Issuers of securities tied to U.S. rental homes will struggle to obtain ratings above the lowest investment-grade tier from Moody’s Investors Service unless they choose structures with higher expenses, a potential setback to property buyers led by Blackstone Group LP.
The bonds would be safest if backed by mortgages on each individual property, rather than secured by a trust that owns a pool of homes, the New York-based ratings firm said in a report. That’s partly because the trust may be ensnared in a bankruptcy filing by the company that created it, potentially exposing bondholders’ collateral to claims by other creditors.
The bankruptcy scenario creates a “low-probability, but high-severity risk” for those structures, which some potential issuers have approached Moody’s about using, Yehudah Forster, a senior credit officer, said yesterday in a telephone interview.
Blackstone, Colony Capital LLC and Pine River Capital Management LP’s Silver Bay Realty Trust Corp. were among firms accelerating their purchases of homes to offer as rentals in 2012, helping halt a five-year slump in values. Transactions involving investors jumped 75 percent in November from a year earlier in 25 metropolitan areas tracked by Radar Logic Inc. as total sales rose 7.6 percent, the analytics firm said this week.
The use of securitizations to boost returns with borrowed money and extract cash may aid the transformation of a market once dominated by small buyers into a new institutional asset class that, according to JPMorgan Chase & Co., may reach $1.5 trillion. Blackstone, which has spent more than $2.5 billion on 16,000 homes, is already using other financing, a credit line from Deutsche Bank AG opened last year.
Ratings companies began commenting last year on how they would approach assessing potential securities backed by rental homes, a market fueled by the foreclosure crisis they helped create by granting inflated grades to mortgage bonds.
Moody’s said in August that items including a dearth of historical data on the business could make it difficult for issuers to obtain the grades they seek.
In its report today, Moody’s said it wouldn’t offer its “highest ratings” to deals backed by “equity” structures, rather than individual mortgages, also because they would offer less protection against “unauthorized sales” of homes and new liens.
Adding mortgages on individual properties carries costs to create and register the loans, Moody’s said. In New York City, for instance, the tax associated with a $500,000 mortgage is more than $10,000, the firm said.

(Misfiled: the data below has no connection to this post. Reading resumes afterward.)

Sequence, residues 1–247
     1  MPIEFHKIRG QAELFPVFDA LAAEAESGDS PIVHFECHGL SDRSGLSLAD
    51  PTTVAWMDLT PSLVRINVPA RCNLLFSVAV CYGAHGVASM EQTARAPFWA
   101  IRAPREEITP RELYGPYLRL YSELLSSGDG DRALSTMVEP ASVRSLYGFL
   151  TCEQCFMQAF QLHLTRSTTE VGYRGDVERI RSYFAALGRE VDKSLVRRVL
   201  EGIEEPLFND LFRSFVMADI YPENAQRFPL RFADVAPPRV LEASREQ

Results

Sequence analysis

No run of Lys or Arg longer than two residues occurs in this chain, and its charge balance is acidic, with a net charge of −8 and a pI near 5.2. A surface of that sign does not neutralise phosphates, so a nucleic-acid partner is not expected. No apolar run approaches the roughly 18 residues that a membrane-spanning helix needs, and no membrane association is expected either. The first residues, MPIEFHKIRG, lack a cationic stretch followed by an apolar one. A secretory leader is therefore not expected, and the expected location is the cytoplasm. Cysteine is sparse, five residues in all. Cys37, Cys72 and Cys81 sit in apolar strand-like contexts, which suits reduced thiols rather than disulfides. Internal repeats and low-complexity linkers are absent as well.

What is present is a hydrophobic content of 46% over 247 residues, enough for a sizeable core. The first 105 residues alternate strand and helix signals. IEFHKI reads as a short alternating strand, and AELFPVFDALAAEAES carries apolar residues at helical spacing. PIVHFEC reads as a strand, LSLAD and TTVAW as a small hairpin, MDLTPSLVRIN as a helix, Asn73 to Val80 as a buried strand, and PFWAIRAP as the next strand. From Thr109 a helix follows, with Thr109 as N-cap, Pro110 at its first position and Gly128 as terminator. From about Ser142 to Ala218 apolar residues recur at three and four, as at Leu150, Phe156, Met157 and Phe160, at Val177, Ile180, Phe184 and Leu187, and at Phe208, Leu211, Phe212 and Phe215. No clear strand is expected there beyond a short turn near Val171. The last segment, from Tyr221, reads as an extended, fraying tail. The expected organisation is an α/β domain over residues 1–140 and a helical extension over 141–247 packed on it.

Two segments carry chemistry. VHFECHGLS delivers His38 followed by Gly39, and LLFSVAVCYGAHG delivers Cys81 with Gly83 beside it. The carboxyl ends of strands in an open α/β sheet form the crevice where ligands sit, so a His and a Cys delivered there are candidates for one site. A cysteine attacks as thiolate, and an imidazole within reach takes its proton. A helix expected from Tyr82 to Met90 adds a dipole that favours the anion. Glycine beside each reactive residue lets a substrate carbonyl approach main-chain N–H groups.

Bonds from low- or unrated sponsors seeking to avoid those expenses will need to allow for “significant third-party oversight” to achieve ratings in its lowest investment-grade tier of Baa, Moody’s said. “Highly rated sponsors have the ability to achieve higher ratings even with an equity structure because of the reduced risk of a sponsor bankruptcy.”
While issuers may choose to not to tap Moody’s for grades, Fitch Ratings said in August that it’s unlikely to grant ratings in its top AAA or AA categories to deals tied to rental homes.
It cited the “limited performance data for the sector and individual property management firms” as well as for “market rents, rent roll histories, vacancy rates, and supply and demand.” The “ambitious growth strategies by regional operators looking to expand their portfolios rapidly over the near term” is another concern, New York-based Fitch said.
Individual mortgages aren’t the only way to protect securitization investors from a sponsor’s bankruptcy, said Steve Blevit, an attorney at Sidley Austin LLP who represented Deutsche Bank as it extended a $600 million credit line to Blackstone in October.
“The Moody’s analysis is good as far as it goes,” Blevit,
who’s also working on rental-home securitization plans, said in a telephone interview from Los Angeles. “But it fails to take into account additional legal structuring that leading players in the industry are planning for these types of transactions.”